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Teacher Tips and Answers

Revising Literary Analyses

After you have completed a first draft of your analysis, set it aside awhile. Once you get some distance from it, you can more objectively make improvements. Start by focusing on the large-scale issues: the ideas, organization, and voice in your writing. The following activities will help you.

Revising to Use Literary Present Tense

Sometimes you might struggle with the tense of verbs in a literary analysis. Do you say, "Richard Adams lived in Whitchurch, England" or "Richard Adams lives in Whitchurch, England," (when he is deceased)? Do you say "Richard Adams combined anthropomorphic fiction with naturalism" or "Richard Adams combines anthropomorphic fiction with naturalism"? And if you are in present tense for your main text, how do you handle quotations in past tense?

When you write a literature review, you should use literary present tense. This style of writing treats the piece of literature as something new and fresh whenever it is read rather than being something stuck in the past. Follow these rules to write effectively in the literary present tense:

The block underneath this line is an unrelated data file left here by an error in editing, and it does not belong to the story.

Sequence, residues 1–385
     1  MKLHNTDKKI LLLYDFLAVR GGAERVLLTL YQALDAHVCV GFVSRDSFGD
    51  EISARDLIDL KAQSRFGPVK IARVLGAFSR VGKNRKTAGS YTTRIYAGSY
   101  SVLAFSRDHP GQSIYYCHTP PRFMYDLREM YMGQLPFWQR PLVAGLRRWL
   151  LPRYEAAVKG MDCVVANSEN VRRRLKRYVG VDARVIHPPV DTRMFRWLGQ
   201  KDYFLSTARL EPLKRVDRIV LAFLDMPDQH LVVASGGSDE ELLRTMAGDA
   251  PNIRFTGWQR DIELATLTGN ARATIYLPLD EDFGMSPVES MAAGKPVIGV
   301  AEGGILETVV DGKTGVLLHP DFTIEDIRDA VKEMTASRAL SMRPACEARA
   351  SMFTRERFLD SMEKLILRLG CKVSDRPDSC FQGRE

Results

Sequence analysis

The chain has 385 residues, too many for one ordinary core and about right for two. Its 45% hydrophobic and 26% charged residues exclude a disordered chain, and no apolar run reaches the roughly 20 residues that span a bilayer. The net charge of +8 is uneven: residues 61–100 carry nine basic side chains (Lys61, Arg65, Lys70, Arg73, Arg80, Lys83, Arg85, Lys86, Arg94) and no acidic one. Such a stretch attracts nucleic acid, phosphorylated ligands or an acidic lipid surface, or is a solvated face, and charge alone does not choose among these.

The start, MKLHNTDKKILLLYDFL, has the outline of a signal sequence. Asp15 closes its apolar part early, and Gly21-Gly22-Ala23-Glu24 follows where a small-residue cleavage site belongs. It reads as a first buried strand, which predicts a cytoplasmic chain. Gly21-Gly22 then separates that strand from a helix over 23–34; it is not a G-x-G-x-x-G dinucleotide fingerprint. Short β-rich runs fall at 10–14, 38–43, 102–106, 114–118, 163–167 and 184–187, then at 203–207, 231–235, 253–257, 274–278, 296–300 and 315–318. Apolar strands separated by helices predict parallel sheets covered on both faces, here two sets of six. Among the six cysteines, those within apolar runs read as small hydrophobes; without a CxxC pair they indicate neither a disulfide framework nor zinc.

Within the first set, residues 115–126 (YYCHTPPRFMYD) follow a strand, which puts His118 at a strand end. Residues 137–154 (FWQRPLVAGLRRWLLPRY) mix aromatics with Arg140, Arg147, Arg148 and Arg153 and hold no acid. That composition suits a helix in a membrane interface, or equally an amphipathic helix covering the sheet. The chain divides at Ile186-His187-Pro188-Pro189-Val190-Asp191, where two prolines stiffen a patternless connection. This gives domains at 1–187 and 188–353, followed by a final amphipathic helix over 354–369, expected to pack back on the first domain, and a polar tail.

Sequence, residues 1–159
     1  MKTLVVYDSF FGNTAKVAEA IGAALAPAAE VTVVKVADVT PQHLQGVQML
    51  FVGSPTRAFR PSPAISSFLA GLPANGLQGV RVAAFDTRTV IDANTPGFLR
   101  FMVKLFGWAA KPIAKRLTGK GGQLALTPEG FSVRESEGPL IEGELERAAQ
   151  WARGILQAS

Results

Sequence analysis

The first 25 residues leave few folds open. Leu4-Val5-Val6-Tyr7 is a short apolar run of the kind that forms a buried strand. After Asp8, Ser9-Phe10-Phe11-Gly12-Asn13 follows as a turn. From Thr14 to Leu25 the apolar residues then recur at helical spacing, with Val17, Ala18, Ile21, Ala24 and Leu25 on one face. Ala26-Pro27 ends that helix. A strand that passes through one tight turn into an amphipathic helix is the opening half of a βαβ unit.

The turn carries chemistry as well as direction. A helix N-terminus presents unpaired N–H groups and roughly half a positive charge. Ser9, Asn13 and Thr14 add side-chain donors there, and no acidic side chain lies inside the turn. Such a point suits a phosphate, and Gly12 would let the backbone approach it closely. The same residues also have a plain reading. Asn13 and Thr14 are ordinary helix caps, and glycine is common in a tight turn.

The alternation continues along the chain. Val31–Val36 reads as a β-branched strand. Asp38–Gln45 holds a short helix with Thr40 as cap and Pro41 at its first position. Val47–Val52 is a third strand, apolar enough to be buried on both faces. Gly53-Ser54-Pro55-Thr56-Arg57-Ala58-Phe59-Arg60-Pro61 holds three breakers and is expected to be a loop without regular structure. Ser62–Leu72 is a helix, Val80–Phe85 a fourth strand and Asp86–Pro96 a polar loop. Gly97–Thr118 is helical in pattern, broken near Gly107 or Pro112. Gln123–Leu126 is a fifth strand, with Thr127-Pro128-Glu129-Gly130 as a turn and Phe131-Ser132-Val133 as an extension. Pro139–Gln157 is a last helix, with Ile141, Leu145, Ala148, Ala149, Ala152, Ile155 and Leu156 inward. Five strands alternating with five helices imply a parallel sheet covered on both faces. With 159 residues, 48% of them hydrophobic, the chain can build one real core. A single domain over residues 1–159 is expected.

When speaking about the work and the events in it, use the present tense.

Adams creates a world that is both naturalistic and mythic, that feels simultaneously like science and faith.

When referring to historical events in the author's life or in the world at the time, use the past tense.

Richard Adams served in the Airborne Company of the British Army during World War II.

Keep the tense of quotations even if they do not match the surrounding text.

Despite the setback, Hazel trusts his brother and makes a fateful decision: " 'Fiver and I will be leaving the warren tonight,' he said deliberately. 'I don't know exactly where we shall go, but we'll take anyone who's ready to come with us' " (23). Hazel's pronouncement immediately convinces Bigwig.

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